Wednesday, 19 March 2008

Shooting the messenger?

The Daily Mail chooses to wax indignant today at the MoD's attempts in the High Court to trim the sails of assistant deputy coroner Andrew Walker.

This was widely reported in yesterday's media, not least in The Guardian, The Daily Telegraph, The Times, The BBC, the Daily Mail and, of course, The Sun.

Needless to say, the media have couched the action in terms of the MoD attempting to "gag" this coroner, all the stories following a similar theme, to the effect that the Ministry is seeking to prevent details of soldiers’ deaths getting into the public domain.

Hence today does the Mail develop precisely that theme, asking: "Why does the MoD shoot the messenger?" Casting Walker as the "good guy" - and thus secretary of state for defence Des Browne as the man in the black hat – the paper tells us that, "Nobody has spoken up more powerfully than Oxfordshire coroner Andrew Walker for the welfare of British troops in Iraq and Afghanistan."

Again and again at his inquests, we are told, "he has refused to pull punches when he believes soldiers have died because of inadequate equipment or avoidable mistakes."

Having been cast as the villain, Des Browne is then painted as having been "stirred into action". Remarks the Mail:

So has he issued orders that henceforth no British soldier will be sent into battle without the right kit? … In a move that will anger and dismay millions, Mr Browne is seeking a High Court order to ban coroners from making critical comments about the MoD. How utterly, disgracefully typical of New Labour ministers: when they don't like the message, they try to shoot the messenger.
All the families want is for somebody to uncover the facts about their loved ones' deaths - a duty Mr Walker performs supremely well, the paper adds. "Does Mr Browne want lessons to be learnt from soldiers' deaths? Or is he interested only in protecting his own increasingly shabby reputation."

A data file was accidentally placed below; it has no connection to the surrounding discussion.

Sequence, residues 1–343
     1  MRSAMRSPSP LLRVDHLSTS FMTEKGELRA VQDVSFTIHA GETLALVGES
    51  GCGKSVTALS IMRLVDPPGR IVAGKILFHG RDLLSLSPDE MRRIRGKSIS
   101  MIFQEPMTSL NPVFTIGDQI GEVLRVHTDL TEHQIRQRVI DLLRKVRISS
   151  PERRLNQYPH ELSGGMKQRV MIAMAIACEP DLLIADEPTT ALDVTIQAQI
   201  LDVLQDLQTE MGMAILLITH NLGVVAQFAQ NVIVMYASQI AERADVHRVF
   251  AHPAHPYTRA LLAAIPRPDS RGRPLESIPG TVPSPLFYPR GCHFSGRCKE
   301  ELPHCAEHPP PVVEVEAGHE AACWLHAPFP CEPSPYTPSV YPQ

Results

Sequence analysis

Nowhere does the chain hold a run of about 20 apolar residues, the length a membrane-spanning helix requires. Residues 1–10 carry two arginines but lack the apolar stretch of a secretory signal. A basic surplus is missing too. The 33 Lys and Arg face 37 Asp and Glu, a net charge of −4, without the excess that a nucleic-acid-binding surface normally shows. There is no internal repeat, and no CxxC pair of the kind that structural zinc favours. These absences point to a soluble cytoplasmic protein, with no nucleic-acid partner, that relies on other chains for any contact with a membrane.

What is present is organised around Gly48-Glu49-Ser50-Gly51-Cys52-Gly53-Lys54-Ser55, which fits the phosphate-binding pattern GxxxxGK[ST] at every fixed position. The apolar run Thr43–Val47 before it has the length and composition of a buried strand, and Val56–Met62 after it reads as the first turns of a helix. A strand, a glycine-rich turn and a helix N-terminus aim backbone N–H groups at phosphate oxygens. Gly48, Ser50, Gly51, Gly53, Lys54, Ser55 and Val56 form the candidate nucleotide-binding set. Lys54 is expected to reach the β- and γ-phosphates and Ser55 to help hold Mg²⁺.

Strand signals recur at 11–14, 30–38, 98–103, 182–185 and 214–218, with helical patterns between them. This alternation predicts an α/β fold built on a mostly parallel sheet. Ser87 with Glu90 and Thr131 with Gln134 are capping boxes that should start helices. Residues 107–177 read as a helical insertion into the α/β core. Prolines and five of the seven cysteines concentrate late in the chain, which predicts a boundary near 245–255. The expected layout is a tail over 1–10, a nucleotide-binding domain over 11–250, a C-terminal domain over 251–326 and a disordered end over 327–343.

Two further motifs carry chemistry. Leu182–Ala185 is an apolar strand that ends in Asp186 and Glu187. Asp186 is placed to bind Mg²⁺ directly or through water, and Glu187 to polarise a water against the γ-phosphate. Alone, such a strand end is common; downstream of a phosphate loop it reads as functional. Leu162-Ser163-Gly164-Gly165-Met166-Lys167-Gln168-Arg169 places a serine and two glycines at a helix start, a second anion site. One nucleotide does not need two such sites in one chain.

On the face of it, this paper – and the others which make the same points, directly or indirectly – might seem to have a reasonable argument. But then, they are far from impartial observers. For years now, they have fed off Mr Walker, faithfully transcribing his more lurid condemnations of the MoD into banner headlines.

But, when we first met Mr Walker, we viewed his verdict as "dishonest", remarking that what struck us was "the utter dishonesty and lack of partiality of the coroner". We were to meet Walker again, again, again and again, and what emerges is a pattern which amounts to a very specific narrative.

Mr Walker is entirely happy to find fault with the MoD (or the Americans) – especially where he believes there have been equipment shortages - and expresses himself in lurid language. But he seems to take great care to avoid getting to the bottom of issues, finding out what really went on, and where the problems lie.

However, despite this enthusiasm, he and his fellow professionals show a marked reluctance to come to grips with the "Snatch" Land Rover saga, evading the central issue as to why these notoriously vulnerable vehicles have been deployed – and are still in use in areas where they are manifestly unsuitable.

Here, far from being a man who "performs supremely well", therefore, Walker – and his colleagues have failed in their duty as set out in the Coroners' Courts Rules. The Rule 43 states, under the title: "Prevention of similar fatalities":

A coroner who believes that action should be taken to prevent the recurrence of fatalities similar to that in respect of which the inquest is being held may announce at the inquest that he is reporting the matter in writing to the person or authority who may have power to take such action and he may report the matter accordingly.
But, while they must also ascertain how, when and where the deceased came by his death (Rule 36), they are specifically barred from expressing "any opinion on any other matters". Rule 42 then tells them that: "No verdict shall be framed in such a way as to appear to determine any question of criminal liability on the part of a named person, or civil liability."

Here, Walker – seemingly concerned more with playing to the media gallery - has too often crossed the line. It is the job of the High Court to determine liability – not that of a coroner. The MoD is right to seek to restrain him from his excesses. Unfortunately, there is no similar remedy which can require him to do his job properly.